Belgium could be the perfect destination for students who want to develop their skills in one, two or maybe even three languages. Discover what it's like to study in the country...
There are three official communities, which each have separate governments and parliaments. As a result, the higher education system differs depending on where you are studying:
This is also known as the Dutch-speaking Community. It is merged with one of the three Belgian federal regions - Flanders, situated in the North.
Higher education institutions here include:
This community is made up of French-speaking Belgians, its parliament and its government. The majority of its citizens live in Wallonia, one of the three federal regions.
Provision of higher education is split between university and non-university institutions:
This community is made up of around 75,000 citizens, the majority of whom are German speakers. Some speak French. German speakers tend to enrol in either French or Flemish institutions, or study in Germany.
Each university has different entry requirements, regardless of the community in which it is located. Contact the institutions you are interested in to find out their entry requirements for the course you want to take.
The majority of institutions will accept UK qualifications, but some courses may require the student to speak either French or Dutch. However, there are some courses that give lectures in English.
You will also have to prove you can support yourself financially during your studies.
Citizens of the European Union (EU) are entitled to attend university in Belgium or any EU country. The same conditions apply to all EU citizens, whether a national of the country or not. This means that you are not required to pay higher course fees than students from Belgium and may be able to get help with tuition fees.
Grants and scholarships are available for EU students as they would be for Belgian nationals. However, they are assigned based on individual circumstances and many require qualifying students to have lived in the country for at least two years.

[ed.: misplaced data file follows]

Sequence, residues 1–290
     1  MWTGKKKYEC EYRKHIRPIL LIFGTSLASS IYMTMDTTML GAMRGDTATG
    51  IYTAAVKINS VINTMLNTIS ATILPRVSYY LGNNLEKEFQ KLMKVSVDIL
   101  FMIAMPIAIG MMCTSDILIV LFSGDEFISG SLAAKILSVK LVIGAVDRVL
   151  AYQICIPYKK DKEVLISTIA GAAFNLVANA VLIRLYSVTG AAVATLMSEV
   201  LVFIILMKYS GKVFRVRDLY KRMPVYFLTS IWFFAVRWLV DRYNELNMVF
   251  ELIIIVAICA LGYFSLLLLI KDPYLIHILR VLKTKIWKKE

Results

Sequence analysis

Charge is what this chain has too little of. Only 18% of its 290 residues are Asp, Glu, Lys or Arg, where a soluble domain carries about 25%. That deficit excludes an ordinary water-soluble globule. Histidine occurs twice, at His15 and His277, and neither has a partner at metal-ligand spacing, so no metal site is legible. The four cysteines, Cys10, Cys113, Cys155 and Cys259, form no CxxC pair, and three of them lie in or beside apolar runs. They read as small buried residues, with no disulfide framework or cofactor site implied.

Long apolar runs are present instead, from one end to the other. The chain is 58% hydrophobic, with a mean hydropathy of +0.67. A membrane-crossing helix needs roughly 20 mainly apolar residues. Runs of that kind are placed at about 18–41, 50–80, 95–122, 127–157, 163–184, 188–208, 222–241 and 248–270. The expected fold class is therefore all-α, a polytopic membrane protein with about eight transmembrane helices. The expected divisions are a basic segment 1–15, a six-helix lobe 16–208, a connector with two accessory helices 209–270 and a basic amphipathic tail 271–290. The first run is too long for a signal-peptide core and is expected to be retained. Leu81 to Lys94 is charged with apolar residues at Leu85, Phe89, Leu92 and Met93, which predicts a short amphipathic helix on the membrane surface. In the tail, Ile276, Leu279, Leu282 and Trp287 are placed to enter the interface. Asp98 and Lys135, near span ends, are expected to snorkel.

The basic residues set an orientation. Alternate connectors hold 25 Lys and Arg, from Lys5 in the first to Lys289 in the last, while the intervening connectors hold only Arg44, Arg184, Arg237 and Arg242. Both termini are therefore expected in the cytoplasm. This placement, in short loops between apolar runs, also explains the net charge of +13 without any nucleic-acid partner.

Non-EU students have access to a range of funding options. For more information, read the Study and Training Grants for Students from Developing Countries guide from the Belgian Foreign Affairs, Foreign Trade and Development Cooperation. The guide also contains information for EU students.
Students attending UK universities can take part in the EU's flagship educational exchange programme, Erasmus . The scheme offers work placements, study opportunities and language assistantships, which last from three months to one academic year.
Financial support is also available to selected Masters and Doctoral students through the Erasmus Mundus initiative.
Your university must have a formal agreement with a partner university in another EU country. Check that your university is involved in the programme and offers it in your subject.
It isn't always necessary to speak the language of your host country and you can arrange intensive language courses before you go. Speak to the Erasmus coordinator at your university about available opportunities.
As an EU citizen, you are permitted to live in any EU country while studying as long as you:
The documents you require to remain in Belgium will depend on your length of stay and your nationality. Non-EU nationals usually always need a visa.
To find out whether you require a visa, contact the Belgian embassy or consulate in your country, details of which can be found at Addresses of Belgian Embassies and Consulates Abroad .
Some countries also require you to register with the local authority after three months. Find out more at Europa - Rights, Conditions and Formalities .
This website is best viewed in an up-to-date web browser with CSS enabled. While you will be able to view the content of this page in your current browser, you will not be able to get the full visual experience. Please consider upgrading your browser software or enabling style sheets if you are able to do so.